But, as I said above, for every positive there is a negative. This is getting to be very Zen, I know.

When a system is dependent on an external resource, what happens if that resource “dries up”? Hopefully, there is an equivalent resource from a competitor. But the software would need to be updated in order to make use of this alternate resource. If our accounting system has not been sufficiently compartmentalized, it could be that switching resources would require a tremendous amount of software rewriting. That is why when compartmentalizing code, it is so important to hide away references to external resources behind aliases. So, if our accounting company has to switch to a different source for tax law, it should only require rewriting a small portion of this system, that acts as a liaison between the external tax law resource and the internals of the accounting system.

The issue of changes in major resources is very real. A recent article discusses a major change that Google is making. What is significant about this change is that it will probably affect millions of businesses (and not for the better). Google is a private company and is very much not a democracy. Therefore, people whose livelihood depends on Google, and interestingly enough, who support Google by using Google services, still have no say in such major changes.

Very recently, Twitter did something similar when it changed its policy about how its data can be used by outside companies. Many businesses depend on the Twitter-verse for critical information that is not available otherwise. Once again, companies must live with a reality that their foundation can vanish from one day to the next.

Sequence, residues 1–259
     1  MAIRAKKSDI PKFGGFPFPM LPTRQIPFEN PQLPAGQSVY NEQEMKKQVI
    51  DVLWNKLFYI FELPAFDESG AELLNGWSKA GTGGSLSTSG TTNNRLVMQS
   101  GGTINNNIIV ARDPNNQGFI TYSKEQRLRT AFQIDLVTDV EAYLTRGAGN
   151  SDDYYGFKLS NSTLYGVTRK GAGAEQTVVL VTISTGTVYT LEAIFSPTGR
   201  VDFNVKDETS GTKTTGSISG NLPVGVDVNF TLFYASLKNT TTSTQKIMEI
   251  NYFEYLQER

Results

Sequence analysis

Strictly speaking, this not any different than many other challenges that businesses face, such as when government regulations change or a new major competitor opens its doors across the virtual street. This reinforces the need to create a software system that is as flexible as possible. Ideally, a system should be so flexible such that almost any external services/data flow can easily be switched out for another. So, if Twitter cuts off its feed, hopefully, the same kind of data can be found elsewhere. Then, the developers can make limited internal updates to their software and be ready to start working again very quickly.

I purposely kept referring to an accounting firm rather than a medical service, in order to make the point that all of these principles of software design are universal. In the case of an electronic medical record, the kinds of external resources that might be used would be a list of medications from the FDA, or alerts about high risk infectious disease cases and their locations from the CDC. These days there are a tremendous number of resources that can be plugged into medical software. Of course, the medical software has to be able to incorporate these external resources.

The major EMR companies are making major modifications to their systems so that they should be far more flexible than they are now. This is not a small thing. In fact, it is effectively a revolution in the mindset of the developers of the major EMRs. The hope is that this new mindset and approach will make medical software far more nimble and far more powerful with many fewer bugs that can be quickly fixed.

Thanks for listening

About the Author
Dr. Nahum Kovalski received his bachelor's of science in computer science and his medical degree in Canada. He came to Israel in 1991 and married his wife of 22 years in 1992. He has 3 amazing children and has lived in Jerusalem since making Aliyah. Dr. Kovalski was with TEREM Emergency Medical Services for 21 years until June of 2014, and is now a private consultant on medicine and technology.